MATTER is an appeal by the South Carolina Department of Motor Vehicles (the
“Department” or “Appellant”) from the Final Order and Decision by the South
Carolina Department of Motor Vehicles Hearings (the “DMVH”) issued in an
administrative hearing that was held June 25, 2007, pursuant to S.C. Code Ann.
§ 56-10-530 (2006). Appellant contends that the DMVH erred in rescinding the
suspension the license and registration of Kimberly Jennings Durst
(“Respondent”) based on her lack of knowledge that the liability carrier on her
Honda Pilot had cancelled her liability insurance policy thereon. The Administrative Law Court (“ALC”) has jurisdiction to hear this matter pursuant to S.C. Code
Ann. § 1-23-660 (Supp. 2006).
Department Hearing Officer (“DHO”) issued a Final Order and Decision on June
27, 2007, that held Respondent’s lack of knowledge of the cancellation of her
insurance policy was cause for rescission of the license and registration
did not appear at the hearing. Respondent was present, without counsel, and
with her husband James Peter Durst as her only witness.
Department argued in its brief on appeal that the suspension should be decided
based on whether Respondent was uninsured at the time of the accident, not
according to lack of knowledge of the cancellation. While the Department is
correct that lack of knowledge is the incorrect basis supporting cause for
rescinding Respondent’s suspension, the Court finds that the record supports a
finding that the suspension should not be enforced.
consideration of the record, the DMVH’s Order is SUSTAINED but on different
husband had been insured with State Farm for about twelve (12) years prior to
December 10, 2006. On December 10, 2006, he went to the office of State Farm to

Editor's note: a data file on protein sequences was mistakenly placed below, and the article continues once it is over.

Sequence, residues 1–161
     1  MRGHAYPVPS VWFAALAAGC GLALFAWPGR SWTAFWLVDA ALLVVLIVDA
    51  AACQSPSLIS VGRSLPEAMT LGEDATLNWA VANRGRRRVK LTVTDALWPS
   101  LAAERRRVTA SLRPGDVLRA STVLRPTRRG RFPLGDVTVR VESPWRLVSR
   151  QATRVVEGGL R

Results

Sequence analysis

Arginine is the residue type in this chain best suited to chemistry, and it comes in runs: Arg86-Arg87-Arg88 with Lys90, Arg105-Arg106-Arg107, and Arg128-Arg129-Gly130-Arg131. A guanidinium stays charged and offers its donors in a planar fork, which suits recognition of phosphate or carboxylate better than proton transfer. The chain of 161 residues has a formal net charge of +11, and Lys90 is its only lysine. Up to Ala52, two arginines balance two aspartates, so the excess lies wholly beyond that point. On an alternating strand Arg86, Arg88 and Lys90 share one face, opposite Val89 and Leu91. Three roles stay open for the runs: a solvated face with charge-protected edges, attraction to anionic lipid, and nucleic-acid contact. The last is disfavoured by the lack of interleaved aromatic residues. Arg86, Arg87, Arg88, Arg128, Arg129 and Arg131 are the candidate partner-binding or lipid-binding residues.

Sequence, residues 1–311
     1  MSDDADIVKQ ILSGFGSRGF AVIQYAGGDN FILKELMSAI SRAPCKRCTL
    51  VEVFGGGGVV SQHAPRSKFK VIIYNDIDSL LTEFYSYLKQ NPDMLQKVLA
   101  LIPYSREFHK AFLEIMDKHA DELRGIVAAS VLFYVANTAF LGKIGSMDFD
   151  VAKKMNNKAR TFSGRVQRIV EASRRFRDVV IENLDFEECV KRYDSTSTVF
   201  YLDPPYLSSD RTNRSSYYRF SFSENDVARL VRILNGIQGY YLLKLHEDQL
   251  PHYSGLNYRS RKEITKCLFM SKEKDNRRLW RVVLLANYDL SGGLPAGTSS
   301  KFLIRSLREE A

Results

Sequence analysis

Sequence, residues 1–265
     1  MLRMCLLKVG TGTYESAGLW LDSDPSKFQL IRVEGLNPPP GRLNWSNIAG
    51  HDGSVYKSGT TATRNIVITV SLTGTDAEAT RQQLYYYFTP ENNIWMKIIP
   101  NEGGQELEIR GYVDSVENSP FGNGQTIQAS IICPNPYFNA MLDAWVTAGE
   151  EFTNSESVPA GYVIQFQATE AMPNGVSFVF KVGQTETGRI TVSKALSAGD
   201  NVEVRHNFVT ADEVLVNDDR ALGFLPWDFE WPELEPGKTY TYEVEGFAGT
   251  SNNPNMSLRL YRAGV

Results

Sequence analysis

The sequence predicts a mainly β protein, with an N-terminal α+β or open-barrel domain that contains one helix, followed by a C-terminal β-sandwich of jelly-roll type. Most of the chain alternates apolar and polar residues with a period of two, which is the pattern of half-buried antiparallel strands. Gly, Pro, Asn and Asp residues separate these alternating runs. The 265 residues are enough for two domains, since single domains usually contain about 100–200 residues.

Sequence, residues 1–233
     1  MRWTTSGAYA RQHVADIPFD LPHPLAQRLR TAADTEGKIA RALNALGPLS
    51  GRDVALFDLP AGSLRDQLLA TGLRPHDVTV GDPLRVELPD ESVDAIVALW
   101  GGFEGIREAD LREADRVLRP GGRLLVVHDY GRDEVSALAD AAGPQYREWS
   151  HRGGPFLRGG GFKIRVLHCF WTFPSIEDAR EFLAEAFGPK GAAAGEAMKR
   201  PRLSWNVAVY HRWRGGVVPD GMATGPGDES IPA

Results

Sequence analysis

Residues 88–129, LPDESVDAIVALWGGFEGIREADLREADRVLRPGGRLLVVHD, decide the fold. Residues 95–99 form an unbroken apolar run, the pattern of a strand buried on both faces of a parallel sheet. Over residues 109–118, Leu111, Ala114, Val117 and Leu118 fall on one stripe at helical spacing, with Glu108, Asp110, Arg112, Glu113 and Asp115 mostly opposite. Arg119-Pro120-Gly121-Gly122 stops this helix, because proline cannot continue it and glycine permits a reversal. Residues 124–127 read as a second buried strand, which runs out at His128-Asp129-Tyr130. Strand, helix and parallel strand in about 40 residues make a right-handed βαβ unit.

pay the premium on the policy covering his work vehicle. At this time, he
inquired about the balances on their other policies and was told that there
were no other payments due.
days later, on December 17, 2006, Respondent, while driving her Honda Pilot,
rear-ended another vehicle owned by Cheryl Williams. Respondent presented her
insurance information to Officer McEvers at the scene of the accident and was
told that the police computer confirmed her status as insured. The day
following the accident, when Respondent’s husband presented the accident report
to the State Farm agency, he was told that the coverage on the Honda Pilot had
been cancelled for non payment of premium in July 2006, whereupon he
immediately purchased coverage for the Honda Pilot from State Farm.
the same time, Respondent’s husband asked the State Farm employee why the
Department had not been notified of the cancellation of the insurance on the
Honda Pilot. He was told, “Well, you’re lucky we didn’t notify the DMV because
your license would have been suspended.”
the twelve years that preceded the accident, the State Farm agency had always
phoned Respondent to warn of an impending lapse of coverage. Neither respondent
nor her husband received any such call about the coverage on the Honda Pilot.
husband indicated that an examination of his business records showed that the
non-payment was the result of a clerical error by his secretary. Hrg. Trans.
15:3-14. The payment was posted on the books, but there was no evidence that a
check was issued. He also acknowledged that the notification of the policy
cancellation, if sent, could have been misplaced through commingling with that
of another person who shared his mail box at his place of business where he received
his insurance bills. Hrg. Trans. 6:11-24.
the time of the accident, Respondent and her husband were unaware that in July
2006 their insurer, State Farm, had cancelled their motor vehicle liability
policy on the Honda Pilot pursuant to S.C Code Ann § 38-77-123(B) for failure
to pay the policy premium. For emphasis, both Respondent and her husband
testified under oath that neither had received any notification from State Farm
regarding the cancellation of their motor vehicle policy on the Honda Pilot.
There is no evidence in the record to show that any notice of cancellation,